Salmon
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Pink Salmon

Found on both sides of the North Pacific, from Alaska to Puget
Sound in Washington and from Russia to North Korea, pink
salmon are the most abundant Pacific salmon. They account
for almost half of the salmon harvested in Alaska and are well-
managed and stable. They are the smallest of the Pacific salmon,
weighing between 3.5 and 5 pounds, with a length of 20 to 25".
        Pink salmon's meat is more pale and lacks the orange tint
of the other salmon species; true to their name, their meat is
pink. Pink salmon is low in oil so it's generally lean and mild-
flavored. It has softer meat than most salmon and has a small
flake. Pink salmon are primarily harvested in nets – both purse
seine and gillnets. Purse seiners catch salmon by encircling
them with a long net and drawing the bottom closed to capture
the fish. Gillnetters catch salmon by setting curtain-like nets
perpendicular to the migration direction along the coast toward
freshwater. The mesh openings on the nets are just large
enough to allow males (which are usually larger) to get stuck,
or gilled, in the mesh. Pink salmon are also caught incidentally
in commercial troll fisheries for chinook and coho salmon.
Fishing gear used to harvest salmon does not contact the
ocean floor so it doesn't impact habitat.
       Like other Pacific salmon, pink salmon are anadromous –
they hatch in freshwater streams and rivers then migrate to the





ocean to feed and grow. Adults return to freshwater streams
to reproduce - usually in the stream of their birth. Pink salmon
are similar to chum salmon – they do not reside in freshwater
for an extended period like coho, chinook, or sockeye salmon.
        Pink salmon feed on small crustaceans, zooplankton (tiny
floating animals), squid, and small fish. In freshwater, aquatic
invertebrates, other fishes, birds, and small mammals prey on
pink salmon eggs, alevins, and fry. Pink salmon can be
distinguished fromother Pacific salmon by the large dark oval
spots on their back and entire tail fin as well as their general
coloring and form. In the sea, pink salmon are steel blue to
blue-green on the back, silver on the sides, and white on the
belly. Breeding males become dark on the back and red with
brownish green blotches on the sides. They also develop a
hump on their back, which is why they are often called
"humpy" salmon.
        
salmon
Sockeye Salmon

Sockeye, or red salmon, is the most valuable U.S. salmon
species. They're prized for their orange-red, rich-tasting meat
as well as their roe, which is used to make salmon caviar.
Sockeye salmon meat is firm and fatty, making it rich in omega-3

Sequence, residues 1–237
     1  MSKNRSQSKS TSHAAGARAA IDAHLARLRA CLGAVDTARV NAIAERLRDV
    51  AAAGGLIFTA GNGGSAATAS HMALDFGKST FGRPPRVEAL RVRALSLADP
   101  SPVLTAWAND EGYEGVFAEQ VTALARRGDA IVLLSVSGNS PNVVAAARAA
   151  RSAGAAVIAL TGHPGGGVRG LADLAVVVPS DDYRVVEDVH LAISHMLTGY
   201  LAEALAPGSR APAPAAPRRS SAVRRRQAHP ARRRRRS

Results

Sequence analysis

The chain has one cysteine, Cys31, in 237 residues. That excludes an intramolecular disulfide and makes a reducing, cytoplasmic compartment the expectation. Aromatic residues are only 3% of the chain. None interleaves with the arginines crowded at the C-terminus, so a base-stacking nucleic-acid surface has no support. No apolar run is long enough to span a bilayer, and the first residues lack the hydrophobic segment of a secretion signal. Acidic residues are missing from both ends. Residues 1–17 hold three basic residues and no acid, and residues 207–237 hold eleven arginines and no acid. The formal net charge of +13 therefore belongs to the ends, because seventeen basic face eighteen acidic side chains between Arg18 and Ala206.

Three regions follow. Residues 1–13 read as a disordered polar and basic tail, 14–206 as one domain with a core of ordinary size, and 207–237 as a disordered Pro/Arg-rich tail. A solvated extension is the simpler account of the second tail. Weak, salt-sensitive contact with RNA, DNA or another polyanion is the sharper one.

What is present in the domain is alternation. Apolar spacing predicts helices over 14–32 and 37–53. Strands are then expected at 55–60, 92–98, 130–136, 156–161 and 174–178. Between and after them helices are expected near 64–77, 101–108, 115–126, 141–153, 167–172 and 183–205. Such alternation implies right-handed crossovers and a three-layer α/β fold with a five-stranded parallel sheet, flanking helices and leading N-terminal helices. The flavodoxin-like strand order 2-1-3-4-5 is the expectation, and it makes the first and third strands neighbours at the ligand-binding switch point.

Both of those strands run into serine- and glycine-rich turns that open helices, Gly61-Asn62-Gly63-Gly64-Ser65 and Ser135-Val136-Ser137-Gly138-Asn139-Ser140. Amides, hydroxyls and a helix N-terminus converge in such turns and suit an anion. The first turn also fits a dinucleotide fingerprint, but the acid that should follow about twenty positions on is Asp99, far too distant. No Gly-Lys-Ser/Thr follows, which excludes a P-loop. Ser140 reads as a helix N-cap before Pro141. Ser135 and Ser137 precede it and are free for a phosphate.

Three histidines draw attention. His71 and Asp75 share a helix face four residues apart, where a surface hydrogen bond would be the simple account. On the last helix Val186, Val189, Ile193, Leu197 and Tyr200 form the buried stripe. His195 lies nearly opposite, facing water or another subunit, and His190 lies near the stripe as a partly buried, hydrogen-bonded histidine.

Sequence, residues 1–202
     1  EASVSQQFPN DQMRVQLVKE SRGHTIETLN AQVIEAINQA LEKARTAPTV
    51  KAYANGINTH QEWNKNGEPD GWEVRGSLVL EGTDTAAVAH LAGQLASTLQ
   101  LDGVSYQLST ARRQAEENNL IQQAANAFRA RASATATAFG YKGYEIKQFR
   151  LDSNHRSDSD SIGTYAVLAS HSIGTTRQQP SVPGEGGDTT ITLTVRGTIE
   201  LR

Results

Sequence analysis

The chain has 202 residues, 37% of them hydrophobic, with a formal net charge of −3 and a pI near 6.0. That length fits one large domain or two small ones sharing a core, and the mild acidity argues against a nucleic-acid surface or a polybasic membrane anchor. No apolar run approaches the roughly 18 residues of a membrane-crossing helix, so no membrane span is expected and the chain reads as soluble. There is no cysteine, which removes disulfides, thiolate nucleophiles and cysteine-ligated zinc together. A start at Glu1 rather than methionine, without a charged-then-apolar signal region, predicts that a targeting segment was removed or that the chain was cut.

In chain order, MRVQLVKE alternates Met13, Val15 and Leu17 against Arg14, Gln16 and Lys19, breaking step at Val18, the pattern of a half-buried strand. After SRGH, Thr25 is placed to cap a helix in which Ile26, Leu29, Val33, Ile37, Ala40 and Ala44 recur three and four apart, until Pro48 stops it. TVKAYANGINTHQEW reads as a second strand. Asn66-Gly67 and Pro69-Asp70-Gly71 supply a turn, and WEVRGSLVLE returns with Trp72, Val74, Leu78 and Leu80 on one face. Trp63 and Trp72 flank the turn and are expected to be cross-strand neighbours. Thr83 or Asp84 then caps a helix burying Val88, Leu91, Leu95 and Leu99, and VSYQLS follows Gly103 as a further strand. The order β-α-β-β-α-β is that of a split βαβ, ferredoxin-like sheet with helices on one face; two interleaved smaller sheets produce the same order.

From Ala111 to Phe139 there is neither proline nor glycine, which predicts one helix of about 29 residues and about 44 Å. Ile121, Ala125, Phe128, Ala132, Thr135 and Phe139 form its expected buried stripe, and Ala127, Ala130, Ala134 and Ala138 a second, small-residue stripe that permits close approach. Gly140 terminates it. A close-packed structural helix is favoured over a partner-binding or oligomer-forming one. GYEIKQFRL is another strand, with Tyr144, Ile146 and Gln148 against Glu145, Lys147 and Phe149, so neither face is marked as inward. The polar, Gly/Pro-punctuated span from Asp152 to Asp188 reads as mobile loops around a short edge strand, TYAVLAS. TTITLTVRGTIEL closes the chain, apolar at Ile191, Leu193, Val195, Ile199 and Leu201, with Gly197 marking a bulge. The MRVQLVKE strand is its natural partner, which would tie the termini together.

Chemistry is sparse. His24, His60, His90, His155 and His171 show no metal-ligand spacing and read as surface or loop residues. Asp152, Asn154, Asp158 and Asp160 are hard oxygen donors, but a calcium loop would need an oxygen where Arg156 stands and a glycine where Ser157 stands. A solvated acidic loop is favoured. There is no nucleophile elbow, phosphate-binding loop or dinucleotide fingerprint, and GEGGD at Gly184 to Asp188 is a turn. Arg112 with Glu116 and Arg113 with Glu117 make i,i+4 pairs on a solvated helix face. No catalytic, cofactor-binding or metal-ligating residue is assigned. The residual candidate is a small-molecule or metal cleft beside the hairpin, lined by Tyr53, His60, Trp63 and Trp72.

fatty acids. This also gives the meat a rich flavor, which is said
to rival the flavor of chinook (king) salmon. Sockeye salmon is
sold fresh, frozen, canned, and smoked. The largest harvest of
sockeye salmon in the world is in the Bristol Bay area of south-
western Alaska. Sockeye salmon are found on both sides of the
North Pacific Ocean and range from Point Hope in northwestern
Alaska to the Klamath River in Oregon and from the Anadyr River
area of Siberia southward to Hokkaido, Japan.
       Like other Pacific salmon, most sockeye salmon are
anadromous – they hatch in freshwater streams and rivers, then
after 1 to 3 years they reach the smolt stage and migrate to the
ocean to feed and grow. Sockeye salmon typically mature and
return to freshwater after 2 to 3 years at sea, but some return
earlier or stay at sea longer, between 4 and 5 years. Sockeye
salmon that return earlier are almost always males and are
called "jacks." Sockeye salmon typically spawn in the summer
or fall.  Eggs hatch during the winter, and the newly hatched
salmon (alevins) remain in the gravel, living off the material
stored in their yolk sacs until early spring. They then emerge




as fry and spend 1 to 3 years in freshwater before migrating
out to the ocean, usually in the spring. All sockeye salmon die
within a few weeks after spawning. Sockeye salmon sexually
mature around the age of 5, which means their life span is
about 5 years, although some live longer. Sockeye salmon
are one of the smaller species of Pacific salmon, measuring
1½ to 2½ feet in length and weighing 4 to 15 pounds.
       As sockeye salmon return to their freshwater spawning
grounds, their heads turn green and their bodies turn bright  red,
hence their other common name, "red" salmon. Males develop
a humped back and hooked jaws filled with tiny, visible teeth.
Sockeye salmon are primarily harvested commercially in net
fisheries – gillnet fisheries take the greatest number, but
sockeye salmon are also an important catch for purse seine
fisheries.Sockeye salmon are also caught incidentally in
commercial troll fisheries for chinook and coho salmon.
salmon
Chum Salmon

One of the lower-priced Pacific salmon at the market, chum
salmon populations can vary dramatically in abundance from
year to year.
        Chum salmon has a lower oil content than other wild
salmon, so it has a relatively mild flavor and a meaty, firm
texture. Raw chum is orange, pink, or red and is more pale
than sockeye, coho, and chinook. The exact color of the meat
depends on where the fish was caught – their flesh becomes
progressively more pale and gray as chum migrate upstream
to spawn, and they are graded based on this. They also
become very easy to identify because of their watermarks –
the vertical bars/color bands along the sides of the fish.
        The more mature and the closer to freshwater the
salmon gets, the darker the color bands."Silver-bright" is the